The Keller Quartett’s association with ECM has yielded outstanding recordings, among them Bach’s Art of the Fugue, Shostakovich’s String Quartet No. 15 and works by the ensemble’s mentor, György Kurtág. This newest release is another remarkable addition to the Budapest-based group’s discography; the album bridges musical worlds in a way that would have been difficult to imagine just a few decades ago, as it juxtaposes works by two seeming antipodes of 20th-century music: American romanticist Samuel Barber (1910-81) and post-war Hungarian modernist György Ligeti (1923-2006).
Ligeti’s two string quartets are bracing creations of the 1950s and ’60s that – like the quartets of his great precursor, Bartók – are as mysterious as they are earthy. Between these two works appears the slow movement from Barber’s String Quartet of 1936, a slice of tonal terra firma between the restlessly shifting, even dizzying sounds of the Ligeti. Barber later orchestrated this slow movement, turning it into his famous Adagio for Strings – a work that, after its premiere by Toscanini in 1938, would serve as musical catharsis for occasions of great mourning. The aesthetic distance between Barber and Ligeti is compressed not only by the passing of time but by the keen interpretive perceptiveness of the Keller Quartett. The group finds common contours in these pieces, spirits that are kindred. Here, the Ligeti has an expressiveness that is moving; the Barber, played with sparing vibrato, sounds strangely unfamiliar, ghostly, unsettling.
The Keller Quartett made its recording of Ligeti’s String Quartet No. 1 Métamorphoses nocturnes in 2007 on the first anniversary of the composer’s death – Hungary’s foremost string quartet paying tribute to the key innovator of modern Hungarian music. The New York Times has lauded the group’s way with its countryman’s music, singling out “sonic effects that the Keller Quartett illuminated with panache.” The 2011 recording of Ligeti’s String Quartet No. 2 documents a change in the lineup of violinist András Keller’s ensemble, with Zsófia Környei, widely considered one of the top instrumentalists of her generation, replacing long-serving Keller Quartett member János Pilz as second violinist. Both Ligeti quartets and the Barber Adagio were recorded at Radiostudio DRS in Zurich.
The CD booklet for this album includes an insightful essay by Paul Griffiths. Underscoring the startling juxtaposition of the Ligeti and the Barber, he points out that the Romantic tradition was home for Barber, and home was for him a place to cherish. For Ligeti – whose father and brother were murdered in Nazi concentration camps, and whose hometown of Budapest was the scene of a Soviet crackdown in 1956, the year he escaped to the West – “home was a place to leave,” whether that home was geographical or musical. Griffiths writes:
“Ligeti’s distrust or uncertainty, where homes are concerned, he revealed in his attitudes to his own early work, even as those attitudes changed. One relic of his Hungarian-Bartókian-ethnographical past was his string quartet Métamorphoses nocturnes (1953-54), which he took with him when he left Budapest toward the end of 1956, and which had a performance in Vienna a year and a half later… What the Keller Quartett’s performance demonstrates is that this ‘prehistoric’ work (the composer’s own term) is already fully Ligetian in its busy polyphony, its abundance of new colors and its dissatisfaction with received information, even – or especially – the information it was so skillfully incorporating from Hungarian sources, rustic and learned.”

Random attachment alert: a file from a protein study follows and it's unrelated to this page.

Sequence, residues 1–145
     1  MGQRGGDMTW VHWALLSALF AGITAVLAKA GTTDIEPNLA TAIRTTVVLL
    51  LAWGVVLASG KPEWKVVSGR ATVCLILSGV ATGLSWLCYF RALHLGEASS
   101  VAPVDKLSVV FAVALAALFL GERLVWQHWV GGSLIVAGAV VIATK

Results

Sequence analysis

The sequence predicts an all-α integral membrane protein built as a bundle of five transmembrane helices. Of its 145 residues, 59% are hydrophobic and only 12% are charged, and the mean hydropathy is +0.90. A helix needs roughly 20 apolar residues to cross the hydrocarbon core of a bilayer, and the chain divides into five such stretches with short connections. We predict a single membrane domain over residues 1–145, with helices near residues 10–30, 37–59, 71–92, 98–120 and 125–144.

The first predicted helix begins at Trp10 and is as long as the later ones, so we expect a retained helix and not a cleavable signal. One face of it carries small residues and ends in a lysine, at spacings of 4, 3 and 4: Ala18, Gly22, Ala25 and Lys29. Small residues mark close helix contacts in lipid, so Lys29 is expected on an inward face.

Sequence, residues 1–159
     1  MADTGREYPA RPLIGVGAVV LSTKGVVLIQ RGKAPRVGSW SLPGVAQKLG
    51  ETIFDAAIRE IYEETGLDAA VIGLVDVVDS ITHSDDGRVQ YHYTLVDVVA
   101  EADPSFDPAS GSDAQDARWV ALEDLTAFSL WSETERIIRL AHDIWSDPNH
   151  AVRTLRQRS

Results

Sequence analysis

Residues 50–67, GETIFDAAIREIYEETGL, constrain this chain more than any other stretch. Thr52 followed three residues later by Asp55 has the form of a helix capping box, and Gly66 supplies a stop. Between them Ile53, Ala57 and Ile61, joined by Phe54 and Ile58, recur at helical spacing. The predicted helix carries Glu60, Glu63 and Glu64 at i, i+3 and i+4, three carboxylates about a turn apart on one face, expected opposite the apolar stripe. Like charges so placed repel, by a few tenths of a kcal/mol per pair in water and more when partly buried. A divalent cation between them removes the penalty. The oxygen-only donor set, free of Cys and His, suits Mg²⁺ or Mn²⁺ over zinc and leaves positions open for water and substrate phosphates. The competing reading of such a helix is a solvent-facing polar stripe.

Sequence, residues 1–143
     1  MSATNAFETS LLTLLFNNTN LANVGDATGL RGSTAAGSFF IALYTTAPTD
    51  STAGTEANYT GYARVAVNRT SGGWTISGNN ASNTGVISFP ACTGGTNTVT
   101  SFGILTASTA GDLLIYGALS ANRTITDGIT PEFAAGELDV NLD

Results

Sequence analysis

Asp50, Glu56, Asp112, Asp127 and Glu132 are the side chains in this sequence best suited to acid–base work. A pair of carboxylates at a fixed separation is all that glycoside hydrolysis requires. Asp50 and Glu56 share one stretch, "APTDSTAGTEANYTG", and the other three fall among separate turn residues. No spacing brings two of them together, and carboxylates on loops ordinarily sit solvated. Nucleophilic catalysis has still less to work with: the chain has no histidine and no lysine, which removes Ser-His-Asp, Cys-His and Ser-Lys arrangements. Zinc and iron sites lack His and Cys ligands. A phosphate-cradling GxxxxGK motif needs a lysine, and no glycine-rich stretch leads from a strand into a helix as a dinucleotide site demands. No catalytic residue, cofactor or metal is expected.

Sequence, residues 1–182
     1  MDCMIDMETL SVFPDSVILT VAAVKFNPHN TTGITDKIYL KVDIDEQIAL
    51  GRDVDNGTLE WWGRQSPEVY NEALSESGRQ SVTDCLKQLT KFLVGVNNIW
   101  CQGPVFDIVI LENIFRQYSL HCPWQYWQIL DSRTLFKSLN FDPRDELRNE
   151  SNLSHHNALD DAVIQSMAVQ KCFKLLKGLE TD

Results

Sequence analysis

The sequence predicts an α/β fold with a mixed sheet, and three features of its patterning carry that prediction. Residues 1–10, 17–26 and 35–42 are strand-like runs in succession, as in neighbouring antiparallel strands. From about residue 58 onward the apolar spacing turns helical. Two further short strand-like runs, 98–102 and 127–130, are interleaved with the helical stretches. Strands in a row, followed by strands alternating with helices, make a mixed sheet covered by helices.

By the time Ligeti wrote his Second String Quartet in early 1968, he felt the need to “redefine” the form, which he did by redefining its sound:
“In particular, harmonics are no longer exceptional; indeed, they are almost the rule, creating a music that glistens. The effort to produce those harmonics, at the level of intonational clarity the piece demands, explains the long gap before the first performance, which the LaSalle Quartet, then the leading exponents of the quartets of Schoenberg, Berg and Webern, gave in Baden-Baden on Dec. 14, 1969. Almost half a century later, the work is as near as any quartet of its period to being part of the repertory, which means not only that its technical difficulties have been absorbed but also that it can profit from a performance that, as this one does, brings fresh and keenly expressive life to its sounds, with whistling harmonics of mystery, pain or hilarity and marvelous effects of bending intonation when one instrument slides past another.”
Griffiths goes on to describe the “urgency of gesture” in the Keller Quartett’s performances on this recording, an urgency that can make Barber’s music – though seemingly anachronistic at the time he composed it – sound as timeless, and as restless, as that of Ligeti: “The Barber, needless to say, is a tonal composition, one whose means would have been fully understood half a century before the piece was written. By 1936, though, those means had lost their universality, and the Keller Quartett’s performance speaks of that loss. The almost non-vibrato entry of the first violin removes any clothing of confidence: This is an instrument coming naked into the world, and showing, when increasing its vibration, only a flickering of insecurity. Its steps are tentative. They also lead nowhere, in a lodge-less world, ever returning and ever retracing. When the high point is reached, by all four instruments, it is the discovery of light but of a light that cannot be seen, because we are forced to tighten our eyes against it. And the final chord is more expiration than arrival, more exhaustion than homecoming.”